A course or a certification in the domain you have chosen to explore should definitely help as long as it is just not for the sake of owning a certification without understanding the concepts. A better way to decide on the certification will be “what would you want to do or where would you want to invest your time and effort in the next 4 – 5 years?
To answer your question, CSX by ISACA is definitely a good starting point as it gives a fair view on the various aspects of cyber security. There is a compliance angle to it, there is a regulatory angle to it, a technical angle to it apart from many others. All of the new certifications like CSX Practitioner, CSX specialist or CSX Expert are aligned with globally accepted standards and frameworks, including the NIST Framework for Improving Critical Infrastructure Cybersecurity, ISO 27000, and the COBIT 5 framework, which makes it a good fit if you are thinking of taking your career forward in that direction.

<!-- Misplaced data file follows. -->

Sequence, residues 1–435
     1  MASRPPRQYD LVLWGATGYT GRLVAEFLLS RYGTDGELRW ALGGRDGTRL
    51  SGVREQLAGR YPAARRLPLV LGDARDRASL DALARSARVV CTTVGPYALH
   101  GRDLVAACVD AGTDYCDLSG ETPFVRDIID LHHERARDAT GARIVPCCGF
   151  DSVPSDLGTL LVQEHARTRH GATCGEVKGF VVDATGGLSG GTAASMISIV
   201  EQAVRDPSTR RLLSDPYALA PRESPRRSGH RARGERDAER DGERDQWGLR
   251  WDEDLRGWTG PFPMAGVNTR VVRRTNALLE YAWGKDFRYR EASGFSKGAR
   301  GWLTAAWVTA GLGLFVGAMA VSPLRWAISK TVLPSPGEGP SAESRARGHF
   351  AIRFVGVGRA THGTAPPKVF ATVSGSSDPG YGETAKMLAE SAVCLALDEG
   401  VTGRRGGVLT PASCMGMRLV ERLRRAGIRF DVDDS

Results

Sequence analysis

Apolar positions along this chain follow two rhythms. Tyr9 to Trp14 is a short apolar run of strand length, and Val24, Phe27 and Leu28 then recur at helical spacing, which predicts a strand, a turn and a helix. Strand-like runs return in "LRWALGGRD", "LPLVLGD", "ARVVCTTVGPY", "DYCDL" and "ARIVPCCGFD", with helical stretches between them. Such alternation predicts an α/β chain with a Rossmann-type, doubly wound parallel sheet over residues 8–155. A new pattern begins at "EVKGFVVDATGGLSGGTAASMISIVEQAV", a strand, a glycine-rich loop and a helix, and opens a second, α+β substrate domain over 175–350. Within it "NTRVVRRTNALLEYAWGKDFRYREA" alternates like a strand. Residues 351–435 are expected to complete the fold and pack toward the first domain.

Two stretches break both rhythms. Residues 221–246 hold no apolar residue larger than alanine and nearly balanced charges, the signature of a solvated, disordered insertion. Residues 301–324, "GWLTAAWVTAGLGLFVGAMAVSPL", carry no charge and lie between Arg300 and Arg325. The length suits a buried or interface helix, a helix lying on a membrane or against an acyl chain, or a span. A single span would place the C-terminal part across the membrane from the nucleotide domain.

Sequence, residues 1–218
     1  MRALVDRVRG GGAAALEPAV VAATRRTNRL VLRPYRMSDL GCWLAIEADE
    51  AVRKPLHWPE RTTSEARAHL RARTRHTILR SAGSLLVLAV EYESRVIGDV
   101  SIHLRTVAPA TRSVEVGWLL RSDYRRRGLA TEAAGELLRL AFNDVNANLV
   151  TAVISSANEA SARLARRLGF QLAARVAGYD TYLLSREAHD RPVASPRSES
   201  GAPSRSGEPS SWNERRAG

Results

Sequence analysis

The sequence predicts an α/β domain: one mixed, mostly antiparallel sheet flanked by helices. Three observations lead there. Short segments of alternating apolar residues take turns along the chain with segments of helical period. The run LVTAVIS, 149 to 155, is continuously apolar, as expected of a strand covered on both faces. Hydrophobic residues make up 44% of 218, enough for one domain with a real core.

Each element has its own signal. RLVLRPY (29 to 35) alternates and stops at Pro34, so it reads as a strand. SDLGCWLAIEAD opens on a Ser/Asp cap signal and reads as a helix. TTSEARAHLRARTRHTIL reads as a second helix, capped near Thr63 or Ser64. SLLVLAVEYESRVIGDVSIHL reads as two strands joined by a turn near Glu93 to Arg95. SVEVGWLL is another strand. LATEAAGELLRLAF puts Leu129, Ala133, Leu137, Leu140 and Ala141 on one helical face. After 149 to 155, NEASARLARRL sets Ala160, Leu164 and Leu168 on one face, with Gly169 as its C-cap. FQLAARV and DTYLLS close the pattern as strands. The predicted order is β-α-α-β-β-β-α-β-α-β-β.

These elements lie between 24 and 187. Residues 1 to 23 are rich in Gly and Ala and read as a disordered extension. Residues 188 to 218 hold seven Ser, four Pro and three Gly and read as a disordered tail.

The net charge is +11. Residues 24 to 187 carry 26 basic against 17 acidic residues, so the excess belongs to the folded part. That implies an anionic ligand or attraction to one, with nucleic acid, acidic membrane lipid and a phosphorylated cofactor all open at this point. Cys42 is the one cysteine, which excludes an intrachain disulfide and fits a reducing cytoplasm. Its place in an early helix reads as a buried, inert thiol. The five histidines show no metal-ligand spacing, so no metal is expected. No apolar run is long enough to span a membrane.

If beginners get this understanding right, which ideally they should after pursuing CSX, the next question to be thought about is What would they want to be specializing in? If someone decides to be a technical specialist then the recommended certifications will be LPT, CEH, CISSP, and relevant certifications by SANS.
On the contrary, if someone decides to be a functional specialist, then it is recommended to get into the solutioning space like GRC, ORM, Risk management, enterprise risk management module etc.
Third could be the compliance bid like CISA, CISM, CGIT, CRISK /OTHERS. The point to be emphasized is certification alone can’t be a benchmark to anything though it may help. The concept of certification was for people experience a life cycle, get the understanding and then apply in real contexts. However, shortcuts to own certifications repudiate the whole purpose.
Remya: We have established corces and certifications. Now coming to the other big factor in recruitment. Skills. What kind of skill sets are common to the kind of people we recruit?
Divya: All skill sets today are short-lived. We have to change as everything around us have changed.
The technology around us has changed so the process and the approach around us also has to change. To elaborate, skill sets can be considered as soft or hard or a mix of both. Soft skills include communication, critical thinking, handling objections/others. Hard skills are quantifiable and teachable. They include specific knowledge and abilities required for a job. To state an example hard skills could be programming skills, accounting or analyzing skills. In most of the roles at Paramount, we look for a combination of both.